I had to sit with that and in the process I realized that my anger stemmed not from the current situation, but from many years of trying to defend my fragile ego and pride. It isn’t just with this particular person; it is with every person that pushes my ever so delicate buttons.
And I hear God say, “Okay, Linda. Let’s give it another try.” And so…I’m trying. What I would like to share with you is what God has been showing me in the process of the meditations, prayers, and almost daily experiences related to the study I am in the middle of that provide the litmus test of how I’m doing. Regardless of the fact that God has not cut me one bit of slack, I think it’s some pretty awesome stuff.
Some things have been subtle; some not so much as God tries to love me into the person He originally created me to be and He knows full well He has His work cut out for Him.
One profound lesson concerned rejection:
Have you ever felt rejected? I have, all my life. Even today there are people I feel rejected by and I react to them with unkindness. But how often have I considered the times I reject God by those thoughts and actions born of pride and cultivated in arrogance?
And, so I pray: Lord, I seek your forgiveness for putting so many things ahead of you. You love me SO much and feel my rejection so deeply. You cannot make me love you, though you love me unconditionally. Help me to sit in silence in your presence and teach me how to love. By your power and your grace, help me to let go of the things that fill my thoughts and keep me out of relationship with you and with those you bring into my life.
Another lesson reminded me how much I complain:
Mark 6:34 says, “When Jesus saw the vast crowd, his heart was moved with pity for them.” Not so much the hearts of his disciples. All they did was complain. Jesus said to feed them. And their response? “What, are you kidding? There are thousands of them.” They counted the meager change in their pockets, “You can’t expect us to just call out for pizza. Let em’ get their own food!”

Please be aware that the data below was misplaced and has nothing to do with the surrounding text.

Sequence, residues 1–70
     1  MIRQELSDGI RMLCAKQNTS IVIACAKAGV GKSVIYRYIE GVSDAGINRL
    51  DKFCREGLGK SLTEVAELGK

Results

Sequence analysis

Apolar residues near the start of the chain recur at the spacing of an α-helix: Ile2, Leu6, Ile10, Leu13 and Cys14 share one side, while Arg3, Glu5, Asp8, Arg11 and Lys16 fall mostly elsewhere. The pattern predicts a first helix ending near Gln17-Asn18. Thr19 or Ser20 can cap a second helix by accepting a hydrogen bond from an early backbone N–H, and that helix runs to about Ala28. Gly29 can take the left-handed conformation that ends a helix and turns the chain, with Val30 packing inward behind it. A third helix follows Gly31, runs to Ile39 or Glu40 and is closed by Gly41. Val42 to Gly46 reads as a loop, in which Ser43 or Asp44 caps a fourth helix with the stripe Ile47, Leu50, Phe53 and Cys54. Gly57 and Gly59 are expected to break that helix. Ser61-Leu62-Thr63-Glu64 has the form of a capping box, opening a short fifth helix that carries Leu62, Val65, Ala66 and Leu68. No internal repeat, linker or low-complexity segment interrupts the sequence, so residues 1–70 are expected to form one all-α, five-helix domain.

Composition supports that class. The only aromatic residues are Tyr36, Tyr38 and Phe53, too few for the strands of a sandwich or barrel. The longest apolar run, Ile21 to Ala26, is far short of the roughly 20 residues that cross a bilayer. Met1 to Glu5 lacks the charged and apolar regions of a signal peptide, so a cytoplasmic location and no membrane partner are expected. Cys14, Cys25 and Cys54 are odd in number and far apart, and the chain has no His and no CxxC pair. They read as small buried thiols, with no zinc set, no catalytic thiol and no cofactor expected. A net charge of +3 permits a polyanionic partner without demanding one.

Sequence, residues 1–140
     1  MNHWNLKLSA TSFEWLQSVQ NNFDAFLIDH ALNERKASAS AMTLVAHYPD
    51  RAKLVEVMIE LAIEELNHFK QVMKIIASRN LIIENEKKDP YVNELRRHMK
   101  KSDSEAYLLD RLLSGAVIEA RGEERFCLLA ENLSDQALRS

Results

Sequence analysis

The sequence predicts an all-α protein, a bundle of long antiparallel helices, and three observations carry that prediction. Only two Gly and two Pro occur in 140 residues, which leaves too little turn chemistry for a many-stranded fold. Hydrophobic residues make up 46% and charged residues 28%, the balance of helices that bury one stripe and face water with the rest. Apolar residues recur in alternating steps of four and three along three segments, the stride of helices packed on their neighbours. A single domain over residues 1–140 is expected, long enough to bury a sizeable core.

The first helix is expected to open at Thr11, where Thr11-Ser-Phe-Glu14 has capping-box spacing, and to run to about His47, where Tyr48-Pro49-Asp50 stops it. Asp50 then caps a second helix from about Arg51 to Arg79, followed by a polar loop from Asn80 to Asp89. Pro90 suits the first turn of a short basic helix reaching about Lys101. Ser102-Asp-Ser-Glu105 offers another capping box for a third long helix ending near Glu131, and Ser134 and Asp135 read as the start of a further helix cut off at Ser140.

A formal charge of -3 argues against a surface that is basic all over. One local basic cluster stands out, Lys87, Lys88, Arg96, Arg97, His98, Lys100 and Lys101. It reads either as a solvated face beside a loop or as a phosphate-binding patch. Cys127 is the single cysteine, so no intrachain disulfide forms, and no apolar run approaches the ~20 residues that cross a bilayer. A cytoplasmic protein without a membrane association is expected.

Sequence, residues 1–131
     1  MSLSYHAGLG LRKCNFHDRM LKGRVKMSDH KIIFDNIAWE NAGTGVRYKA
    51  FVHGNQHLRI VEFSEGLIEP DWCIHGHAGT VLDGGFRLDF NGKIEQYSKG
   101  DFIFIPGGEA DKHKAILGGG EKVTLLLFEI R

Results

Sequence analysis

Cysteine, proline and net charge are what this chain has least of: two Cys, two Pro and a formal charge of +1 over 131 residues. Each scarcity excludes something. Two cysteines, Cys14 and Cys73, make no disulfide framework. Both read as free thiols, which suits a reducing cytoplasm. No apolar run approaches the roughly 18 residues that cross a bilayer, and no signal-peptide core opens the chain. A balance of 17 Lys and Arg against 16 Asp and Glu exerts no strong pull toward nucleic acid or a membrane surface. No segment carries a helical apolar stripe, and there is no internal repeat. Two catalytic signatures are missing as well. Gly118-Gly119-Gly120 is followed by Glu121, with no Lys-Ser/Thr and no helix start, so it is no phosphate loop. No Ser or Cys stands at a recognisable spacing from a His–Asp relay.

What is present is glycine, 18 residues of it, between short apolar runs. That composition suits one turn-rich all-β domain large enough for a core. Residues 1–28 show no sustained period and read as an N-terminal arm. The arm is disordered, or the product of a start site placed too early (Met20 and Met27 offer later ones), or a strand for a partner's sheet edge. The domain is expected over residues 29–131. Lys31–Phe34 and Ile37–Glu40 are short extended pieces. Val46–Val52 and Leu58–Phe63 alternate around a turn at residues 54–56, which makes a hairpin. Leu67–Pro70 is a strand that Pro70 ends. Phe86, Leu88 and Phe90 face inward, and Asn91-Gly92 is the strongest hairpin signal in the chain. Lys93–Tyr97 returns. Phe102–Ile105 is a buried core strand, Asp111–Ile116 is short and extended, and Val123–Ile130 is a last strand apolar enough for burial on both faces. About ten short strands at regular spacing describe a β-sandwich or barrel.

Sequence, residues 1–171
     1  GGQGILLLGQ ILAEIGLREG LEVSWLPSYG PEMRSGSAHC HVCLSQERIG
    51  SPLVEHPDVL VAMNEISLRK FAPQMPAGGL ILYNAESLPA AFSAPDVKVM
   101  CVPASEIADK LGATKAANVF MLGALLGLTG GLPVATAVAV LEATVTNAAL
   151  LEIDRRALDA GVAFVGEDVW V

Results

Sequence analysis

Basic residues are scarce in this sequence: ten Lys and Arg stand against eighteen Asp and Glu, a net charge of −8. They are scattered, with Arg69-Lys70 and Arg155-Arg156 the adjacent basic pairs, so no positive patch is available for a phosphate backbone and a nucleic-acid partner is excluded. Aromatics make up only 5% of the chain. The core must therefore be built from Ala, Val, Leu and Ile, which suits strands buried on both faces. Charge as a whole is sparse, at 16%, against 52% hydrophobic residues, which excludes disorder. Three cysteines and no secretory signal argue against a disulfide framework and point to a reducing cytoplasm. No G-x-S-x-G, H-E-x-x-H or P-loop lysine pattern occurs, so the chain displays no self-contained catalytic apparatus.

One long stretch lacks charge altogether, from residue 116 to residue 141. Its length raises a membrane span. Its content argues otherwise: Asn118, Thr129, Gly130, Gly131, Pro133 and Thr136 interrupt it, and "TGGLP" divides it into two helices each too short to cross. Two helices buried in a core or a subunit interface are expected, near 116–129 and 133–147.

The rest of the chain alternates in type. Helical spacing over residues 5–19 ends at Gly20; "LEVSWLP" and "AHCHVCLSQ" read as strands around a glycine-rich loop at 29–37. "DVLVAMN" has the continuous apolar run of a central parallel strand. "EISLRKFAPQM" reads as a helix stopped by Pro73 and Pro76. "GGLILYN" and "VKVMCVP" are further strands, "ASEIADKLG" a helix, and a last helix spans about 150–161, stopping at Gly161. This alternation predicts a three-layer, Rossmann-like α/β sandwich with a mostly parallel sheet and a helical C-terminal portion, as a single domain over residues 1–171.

Jesus always manages to shine a spotlight on our smallness. In those moments I’m standing right there with the disciples all indignant about my weaknesses and inadequacies; forgetting the Source of my power that is within my very soul. He’s trying his best to get through to them, and me, and you. He even humbles himself for heaven’s sake! “I can’t do anything without my Father!” (John 5:30) But, do we listen?
And, the recurring theme throughout this study? Humility:
Matthew 3:13-17, “Jesus came from Galilee to John at the Jordan to be baptized by him. John tried to prevent him, saying, “I need to be baptized by you, yet you are coming to me?”
There is a whole bunch of humility going on here! John the Baptist never felt worthy “to tie Jesus’ sandals (Mark 1:7)”, and said before his followers, “I must decrease so Jesus can increase.”
How often are we willing to decrease so Jesus can increase? We are all called to love; to have faith and trust and hope; to be filled with joy, peace, and humility, which underlies it all. None of this is remotely possible if it is not born of a heart filled with awe and wonder at the magnificence, power, and glory of God. None if it!
And think of Jesus himself allowing John to baptize him. He wasn’t a sinner and didn’t need to be baptized. Yet he humbled himself before everyone and in the company of sinners to lead the way to his Father.
Reflecting on what I have been reading and studying was like a one-two punch. No, God doesn’t punch, but I’m telling you he flicks! I have been flicked often enough to know. And it hurts. Because he’s not flicking my head, he’s flicking my heart!
At one point in the movie, Groundhog Day, Phil says, “What would you do if you were stuck in one place and every day was exactly the same, and nothing that you did mattered?” Good question.
When we go our own way; when we obey the parts of God’s commands that are easy and discard the parts that don’t appeal to us: love your neighbor – check, love your enemy – scratch, is it any wonder that God hates that?
It’s funny, all that I have just related to you is nothing new. “HOLY COW, I never saw those verses before! I never knew God felt so strongly about THAT!” Liar! They have just been an inconvenient truth for me. They demand something I have not been willing to submit to. I pray that is all changing.
I’m sure God isn’t finished with me yet because I checked my pulse and I’m still alive!
I’d like to say that I have finally conquered this one but I know better, and I’m pretty sure there will be another lesson tomorrow…
and the day after that…
and the day after that!